Lysis (Greek λύσις, lusis from luein = to separate) refers to the death of a cell by breaking of the cellular membrane, often by viral or osmotic mechanisms that compromise its integrity. A solution containing the contents of lysed cells is called a "lysate".
Cell lysis is used mostly in western blotting to analyse the composition of specific proteins, lipids and nucleic acids individually or as complexes. Depending upon the detergent that is used either all membranes are lysed or certain membranes are lysed, leaving other membranes intact. For example if the cell membrane only is lysed then gradient centrifugation can be used to collect certain organelles - nuclei, mitochondria, lysosomes, chloroplasts and endoplasmic reticulum. The isolated organelles can then be analysed by electron microscopy or western blotting.
Cytolysis is the lysis of cells in a hypotonic environment. Cytolysis is caused by excessive osmosis, or movement of water, towards the inside of a cell (hyperhydration). The cell membrane cannot withstand the osmotic pressure of the water inside, and so it explodes. Osmosis occurs from a region of high water potential to a region of low water potential passing through a semipermeable membrane, so these bursting cells are located in hypotonic environments.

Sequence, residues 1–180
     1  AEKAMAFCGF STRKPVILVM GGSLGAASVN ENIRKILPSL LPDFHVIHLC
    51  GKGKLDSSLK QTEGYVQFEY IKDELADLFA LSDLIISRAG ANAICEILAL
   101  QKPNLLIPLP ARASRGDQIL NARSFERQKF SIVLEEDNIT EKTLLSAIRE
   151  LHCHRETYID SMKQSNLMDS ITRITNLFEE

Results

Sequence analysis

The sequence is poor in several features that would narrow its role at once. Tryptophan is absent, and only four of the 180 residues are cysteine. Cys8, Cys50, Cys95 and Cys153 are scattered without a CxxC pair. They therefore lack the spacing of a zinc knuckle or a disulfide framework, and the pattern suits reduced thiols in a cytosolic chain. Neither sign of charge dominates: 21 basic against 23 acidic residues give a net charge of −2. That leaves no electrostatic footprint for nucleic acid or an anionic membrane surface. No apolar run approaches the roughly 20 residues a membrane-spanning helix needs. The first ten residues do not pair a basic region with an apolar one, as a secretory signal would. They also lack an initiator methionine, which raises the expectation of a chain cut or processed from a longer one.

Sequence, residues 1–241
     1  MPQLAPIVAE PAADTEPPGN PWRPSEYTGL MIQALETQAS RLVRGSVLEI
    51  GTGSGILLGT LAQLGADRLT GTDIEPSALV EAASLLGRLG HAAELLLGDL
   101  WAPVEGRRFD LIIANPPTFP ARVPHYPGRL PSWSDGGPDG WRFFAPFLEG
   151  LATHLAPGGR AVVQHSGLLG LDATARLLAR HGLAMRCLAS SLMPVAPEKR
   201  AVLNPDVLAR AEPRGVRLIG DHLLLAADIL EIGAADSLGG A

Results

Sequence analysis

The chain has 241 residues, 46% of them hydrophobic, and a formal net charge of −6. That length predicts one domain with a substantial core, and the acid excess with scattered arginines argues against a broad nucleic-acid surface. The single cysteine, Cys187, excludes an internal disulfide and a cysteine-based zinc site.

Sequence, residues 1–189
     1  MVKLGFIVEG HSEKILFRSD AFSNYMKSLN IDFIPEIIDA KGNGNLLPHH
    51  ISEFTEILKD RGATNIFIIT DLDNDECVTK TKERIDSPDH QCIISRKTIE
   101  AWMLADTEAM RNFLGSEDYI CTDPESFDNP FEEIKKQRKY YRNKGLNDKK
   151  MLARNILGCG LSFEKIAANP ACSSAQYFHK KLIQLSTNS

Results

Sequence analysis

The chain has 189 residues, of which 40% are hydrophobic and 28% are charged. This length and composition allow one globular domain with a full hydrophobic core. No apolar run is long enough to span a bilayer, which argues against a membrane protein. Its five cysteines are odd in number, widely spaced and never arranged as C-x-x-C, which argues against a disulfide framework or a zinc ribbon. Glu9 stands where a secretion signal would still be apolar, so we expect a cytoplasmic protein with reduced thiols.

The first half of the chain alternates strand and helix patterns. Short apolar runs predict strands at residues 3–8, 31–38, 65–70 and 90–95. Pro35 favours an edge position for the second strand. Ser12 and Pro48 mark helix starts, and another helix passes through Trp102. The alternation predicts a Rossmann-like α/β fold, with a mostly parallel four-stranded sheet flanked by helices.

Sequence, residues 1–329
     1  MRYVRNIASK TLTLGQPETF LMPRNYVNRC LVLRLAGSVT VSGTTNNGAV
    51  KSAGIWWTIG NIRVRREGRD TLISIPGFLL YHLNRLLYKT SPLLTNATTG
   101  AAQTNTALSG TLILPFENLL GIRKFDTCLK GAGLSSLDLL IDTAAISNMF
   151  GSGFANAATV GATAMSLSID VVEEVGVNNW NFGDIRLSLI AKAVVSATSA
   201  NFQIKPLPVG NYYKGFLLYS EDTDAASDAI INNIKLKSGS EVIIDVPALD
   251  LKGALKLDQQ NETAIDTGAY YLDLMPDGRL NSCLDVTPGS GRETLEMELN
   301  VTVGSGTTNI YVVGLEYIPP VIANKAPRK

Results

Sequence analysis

Cytolysis does not occur under normal conditions in plant cells because plant cells have a strong cell wall that contains the osmotic pressure, or turgor pressure, that would otherwise cause cytolysis to occur.
Plasmolysis is the contraction of cells within plants due to the loss of water through osmosis. In a hypertonic environment, the cell membrane peels off of the cell wall and the vacuole collapses. These cells will eventually wilt and die unless the flow of water caused by osmosis can stop the contraction of the cell membrane.